The gaming industry in Australia is growing at an astronomical rate and so it seems that we as a nation and as families, should start paying attention. Why? Because the statistics from the recent Digital Australia report from IGEA in conjunction with Bond University, offer us a real insight in to the experiences of those playing video games and what that means for our families. For ourselves, for our children and even for our own parents and grandparents.
Here are some of the main findings of the report:
- 98% of households with children have at least one gaming device.
- the average age of a video game player is 33 years of age.
- females make up 47% of all game players.
- The over 50’s were saw the greatest increase in video game players
- 10 % of kids have thought about a career in gaming
- 39% of over 65’s play video games
- 17% of over 85 year olds play video games
- 89% say video games improve thinking skills
- 24% say they have used video games at work for trainings
So how can we interpret these findings and the effects on our families?
Video Games to connect the generations
If the over 50’s saw the greatest increase in gaming, then this is an area we really should be tapping in to. What better way to do that than to encourage some of those older game players to play with their grandchildren. What a great way for kids to bond with the elderly, and for the older generations to continue to keep their minds active and to share a common interest with those younger folk. If 39% of all video game players are over 65 this is something that could provide enormous benefits for both generations, especially when it seems parents, particularly those of older school children, are the least likely to play games, which probably comes down to time constraints and other priorities of running a household. But if this is something our older family members are already engaging in, then certainly this could be an area we could look at encouraging further.
Video Games for learning
If 35% of our children have used games in the curriculum to help them learn, this is also a statistic that will only grow exponentially as schools realise the benefits of using games to learn. We need parents to get on board to realise that the technology is not simply ‘replacing’ traditional learning tools. It is not about typing instead of writing, it is not about reading an ebook as opposed to a paper one, and it is not about being lazy and getting technology to do all the work. The technology can have an enormous impact on the opportunities for kids to build awareness, gain a greater understanding of concepts and have a more hands on, creative and global approach to learning.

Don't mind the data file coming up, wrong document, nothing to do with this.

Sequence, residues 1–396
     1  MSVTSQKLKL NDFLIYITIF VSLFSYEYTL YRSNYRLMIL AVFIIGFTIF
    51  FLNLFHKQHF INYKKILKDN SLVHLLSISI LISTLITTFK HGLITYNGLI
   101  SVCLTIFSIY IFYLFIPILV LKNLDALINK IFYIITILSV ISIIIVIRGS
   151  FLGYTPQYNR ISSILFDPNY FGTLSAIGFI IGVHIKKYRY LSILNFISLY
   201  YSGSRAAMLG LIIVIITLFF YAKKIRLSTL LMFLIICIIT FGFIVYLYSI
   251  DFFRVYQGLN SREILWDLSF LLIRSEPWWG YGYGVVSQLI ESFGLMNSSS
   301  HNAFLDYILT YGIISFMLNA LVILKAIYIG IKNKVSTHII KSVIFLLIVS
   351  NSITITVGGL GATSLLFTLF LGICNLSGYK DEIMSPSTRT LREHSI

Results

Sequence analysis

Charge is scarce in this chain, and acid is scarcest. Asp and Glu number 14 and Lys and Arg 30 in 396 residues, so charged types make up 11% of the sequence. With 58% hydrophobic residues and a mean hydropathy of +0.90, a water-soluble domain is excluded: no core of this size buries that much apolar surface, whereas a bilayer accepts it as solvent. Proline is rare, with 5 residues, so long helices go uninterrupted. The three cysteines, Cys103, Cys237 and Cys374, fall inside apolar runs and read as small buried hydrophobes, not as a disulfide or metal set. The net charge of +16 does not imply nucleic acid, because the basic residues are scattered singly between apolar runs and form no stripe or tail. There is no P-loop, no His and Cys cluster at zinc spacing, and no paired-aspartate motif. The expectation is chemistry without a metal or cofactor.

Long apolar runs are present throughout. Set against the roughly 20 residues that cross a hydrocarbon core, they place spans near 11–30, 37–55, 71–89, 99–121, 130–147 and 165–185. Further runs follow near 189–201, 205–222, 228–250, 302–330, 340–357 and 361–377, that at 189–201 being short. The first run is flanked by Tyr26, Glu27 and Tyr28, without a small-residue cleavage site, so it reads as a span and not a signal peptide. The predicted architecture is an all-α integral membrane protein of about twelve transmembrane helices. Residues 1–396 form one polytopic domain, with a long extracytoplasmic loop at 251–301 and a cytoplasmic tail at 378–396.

Video games for a future career
If 10% of our kids are thinking about a career in gaming, then that’s a pretty high percentage when you think of all the possible career options out there. And in an industry that is worth $2.462 billion dollars in Australia and has had a 20% growth in industry in the past year, then maybe more people should be thinking about this as a very viable career option. Especially since having an active interest in gaming and STEM (Science, Technology, Engineering and Maths) provides huge advantages to those ready to start engaging in the industry well before they are leaving school for tertiary education. There are opportunities to learn about gaming, start creating and getting involved in the industry from a much younger age than many other career paths.
Video games for heart, health and mind
For young kids they are playing games for relaxation, for fun and for stress release. For others, video games provide a sense of connection and belonging. All really valid reasons. For our older generations however, they see the video games as a great way to stave off memory loss and to keep their minds active. The portability of the ‘tablet’ adds to the ease of game playing and is something that is easily worked in to peoples daily routines. And do you remember that ‘Dance Dance Revolution’ machine you saw at Timezone in the 90’s? Putting your feet on the square that lights up in time to the music became the prototype for new machines that are helping patients rehabilitate and helping those suffering illnesses such as MS. Games are also keeping the brains of Alzheimers patients active and staving off other neurodegenerative disorders. So physical, cognitive, social and emotional benefits can all come in to play.
These are some really important findings when we look at the role that video games may play in our families, in our relationships, to our learning and even to our health. Once again we need to keep things balanced and in perspective when it comes to how we incorporate the advancing technology in to our lives, and an open mind to what opportunities await for the future.
Have you noticed any positive effects from video games in your family?
For more information on the report done in by Jeffrey Brand from Bond University in conjunction with IGEA (Interactive Games and Entertainment Association) you can view the report here.